Among the residue class rings B[X]/I the most easily accessible ones are those for

which the ideal I is generated by a set of monomials, since one can use the structure of

B[X] as a free B-module very favourably: I itself is generated as a B-module by a subset

of the monomial B-basis of B[X]. The multiplication table with respect to this basis is

very simple, a property inherited by B[X]/I.

With respect to the monomial basis of B[X], a minor of X is a very complicated

expression. Therefore it is desirable to ļ¬nd a new basis of B[X] which contains the

minors and as many of their products as possible. The construction of such a basis is

the main object of this section. This basis will consist of monomials whose factors are

minors of X, and whether such a monomial is an element of the basis can be decided by

a simple combinatorial criterion.

The set of maximal minors of a matrix has a combinatorially simpler structure than

the set of all minors: one needs only one set of indices to specify a maximal minor, and

all the maximal minors have the same size. Therefore it is simpler to treat the rings

G(X) ļ¬rst and to derive the structure sought for B[X] afterwards (from G(X) for an

extended matrix X).

A. Algebras with Straightening Law

When all the minors of X appear in a B-basis of B[X], then, apart from trivial

cases, it is impossible that a product of two elements of the basis is in the basis always;

nevertheless one has suļ¬cient control over the multiplication table. This situation is met

often enough to justify the introduction of a special class of algebras:

Definition. Let A be a B-algebra and Ī ā‚ A a ļ¬nite subset with a partial order ā¤,

called a poset for short. A is a graded algebra with straightening law (on Ī , over B) if

the following conditions hold:

(H0 ) A = iā„0 Ai is a graded B-algebra such that A0 = B, Ī consists of homogeneous

elements of positive degree and generates A as a B-algebra.

(H1 ) The products Ī¾1 . . . Ī¾m , m ā N, Ī¾i ā Ī , such that Ī¾1 ā¤ Ā· Ā· Ā· ā¤ Ī¾m are linearly inde-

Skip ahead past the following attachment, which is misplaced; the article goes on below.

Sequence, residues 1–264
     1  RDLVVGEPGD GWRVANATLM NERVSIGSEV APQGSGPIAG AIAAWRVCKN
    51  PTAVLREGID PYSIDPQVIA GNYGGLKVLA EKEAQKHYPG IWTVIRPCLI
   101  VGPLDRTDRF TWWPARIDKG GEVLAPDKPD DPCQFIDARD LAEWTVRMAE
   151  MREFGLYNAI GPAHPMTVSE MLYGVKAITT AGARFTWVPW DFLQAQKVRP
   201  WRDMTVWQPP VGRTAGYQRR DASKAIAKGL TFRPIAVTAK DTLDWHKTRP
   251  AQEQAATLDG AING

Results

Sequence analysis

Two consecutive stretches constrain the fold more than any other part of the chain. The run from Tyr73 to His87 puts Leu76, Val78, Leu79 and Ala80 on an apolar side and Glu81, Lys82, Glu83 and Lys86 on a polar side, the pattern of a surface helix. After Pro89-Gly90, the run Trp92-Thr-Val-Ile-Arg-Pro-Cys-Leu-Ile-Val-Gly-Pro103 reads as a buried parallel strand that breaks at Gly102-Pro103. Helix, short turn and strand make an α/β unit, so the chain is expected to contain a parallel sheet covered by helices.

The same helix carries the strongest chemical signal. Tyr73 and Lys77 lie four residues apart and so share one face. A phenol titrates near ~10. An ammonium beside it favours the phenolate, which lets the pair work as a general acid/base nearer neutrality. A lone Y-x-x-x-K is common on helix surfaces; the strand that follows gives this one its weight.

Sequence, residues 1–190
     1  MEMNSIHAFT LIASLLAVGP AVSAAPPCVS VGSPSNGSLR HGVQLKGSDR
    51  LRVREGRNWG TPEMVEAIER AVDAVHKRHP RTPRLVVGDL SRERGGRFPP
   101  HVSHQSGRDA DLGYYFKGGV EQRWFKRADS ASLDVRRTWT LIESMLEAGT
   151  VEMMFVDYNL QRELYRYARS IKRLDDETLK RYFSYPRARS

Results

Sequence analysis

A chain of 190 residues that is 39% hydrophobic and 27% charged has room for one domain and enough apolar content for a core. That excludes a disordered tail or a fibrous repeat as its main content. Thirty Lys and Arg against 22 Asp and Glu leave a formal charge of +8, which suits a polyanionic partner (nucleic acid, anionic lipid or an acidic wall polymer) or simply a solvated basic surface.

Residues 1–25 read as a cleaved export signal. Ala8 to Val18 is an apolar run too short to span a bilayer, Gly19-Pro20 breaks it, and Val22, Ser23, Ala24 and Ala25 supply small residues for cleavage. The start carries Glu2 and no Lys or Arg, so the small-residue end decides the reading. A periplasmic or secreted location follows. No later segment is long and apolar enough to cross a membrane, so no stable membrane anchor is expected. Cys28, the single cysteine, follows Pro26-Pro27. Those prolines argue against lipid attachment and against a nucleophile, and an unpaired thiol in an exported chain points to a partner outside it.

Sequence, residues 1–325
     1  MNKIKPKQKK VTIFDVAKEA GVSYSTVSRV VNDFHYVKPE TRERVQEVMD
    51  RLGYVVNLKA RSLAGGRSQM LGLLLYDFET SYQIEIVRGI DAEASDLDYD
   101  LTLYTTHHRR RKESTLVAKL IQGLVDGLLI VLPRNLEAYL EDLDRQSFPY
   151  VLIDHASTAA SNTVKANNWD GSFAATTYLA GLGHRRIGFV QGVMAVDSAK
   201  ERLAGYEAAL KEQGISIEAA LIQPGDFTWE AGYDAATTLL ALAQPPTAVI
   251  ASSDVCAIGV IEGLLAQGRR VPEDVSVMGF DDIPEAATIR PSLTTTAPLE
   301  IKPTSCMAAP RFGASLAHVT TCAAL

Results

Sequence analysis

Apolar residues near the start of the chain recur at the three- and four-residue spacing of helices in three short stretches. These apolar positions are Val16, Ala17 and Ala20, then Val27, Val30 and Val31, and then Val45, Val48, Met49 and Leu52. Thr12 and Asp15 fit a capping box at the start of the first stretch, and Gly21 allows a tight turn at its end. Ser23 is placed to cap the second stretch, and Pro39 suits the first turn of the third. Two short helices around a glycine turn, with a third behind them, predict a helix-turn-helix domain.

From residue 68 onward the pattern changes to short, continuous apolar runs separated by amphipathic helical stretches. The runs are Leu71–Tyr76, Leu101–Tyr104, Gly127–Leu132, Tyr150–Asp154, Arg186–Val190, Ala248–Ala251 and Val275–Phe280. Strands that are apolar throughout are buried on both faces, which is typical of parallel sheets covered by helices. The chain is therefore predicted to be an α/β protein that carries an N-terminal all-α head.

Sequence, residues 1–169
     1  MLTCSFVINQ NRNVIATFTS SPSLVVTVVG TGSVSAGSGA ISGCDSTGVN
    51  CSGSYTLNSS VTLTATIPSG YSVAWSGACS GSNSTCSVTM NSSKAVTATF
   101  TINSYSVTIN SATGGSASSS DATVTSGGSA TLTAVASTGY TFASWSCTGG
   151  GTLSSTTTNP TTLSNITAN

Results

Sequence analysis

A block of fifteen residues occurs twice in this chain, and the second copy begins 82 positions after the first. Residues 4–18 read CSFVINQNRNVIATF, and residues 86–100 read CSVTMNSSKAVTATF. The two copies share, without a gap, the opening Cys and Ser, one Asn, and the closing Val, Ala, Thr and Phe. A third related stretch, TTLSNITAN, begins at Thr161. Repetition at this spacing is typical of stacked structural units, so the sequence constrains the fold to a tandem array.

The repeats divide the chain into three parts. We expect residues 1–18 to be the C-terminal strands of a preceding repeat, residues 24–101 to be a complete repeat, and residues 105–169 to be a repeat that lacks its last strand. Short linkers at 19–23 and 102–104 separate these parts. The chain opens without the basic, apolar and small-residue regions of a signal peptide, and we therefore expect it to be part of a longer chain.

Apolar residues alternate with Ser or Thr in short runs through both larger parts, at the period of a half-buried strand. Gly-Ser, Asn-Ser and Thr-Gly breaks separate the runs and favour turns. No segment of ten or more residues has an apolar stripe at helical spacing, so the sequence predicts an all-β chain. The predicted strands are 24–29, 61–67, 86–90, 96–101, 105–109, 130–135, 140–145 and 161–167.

pendent. They are called standard monomials.

(H2 ) (Straightening law) For all incomparable Ī¾, Ļ… ā Ī the product Ī¾Ļ… has a representa-

tion

aĀµ ā B, aĀµ = 0, Āµ standard monomial,

Ī¾Ļ… = aĀµ Āµ,

satisfying the following condition: every Āµ contains a factor Ī¶ ā Ī such that Ī¶ ā¤ Ī¾, Ī¶ ā¤ Ļ…

(it is of course allowed that Ī¾Ļ… = 0, the sum aĀµ Āµ being empty).

The rather long notation āalgebra with straightening lawā will be abbreviated by

ASL.

We shall see in Proposition (4.1) that the standard monomials form in fact a basis

of A as a B-module, the standard basis of A. The representation of an element x ā A as

39

A. Algebras with Straightening Law

a linear combination of standard monomials is called its standard representation. The

relations in (H2 ) will be referred to as the straightening relations.

To be formally precise one would better consider a partially ordered set Ī outside

A and an injection Ī ā’ A. We have preferred to avoid this notational complication and

warn the reader that Ī (or a subset of it) may be treated as a subset of diļ¬erent rings,

in particular when A and a residue class ring of A occur simultaneously. Similarly we

do not distinguish between a formal monomial in Ī and the corresponding ring element.

Condition (H1 ) of course says that the family of ring elements parametrized by the

formal standard monomials is linearly independent. Whenever a function is deļ¬ned on

(a subset of) the set of monomials by reference to the factors of the monomials, then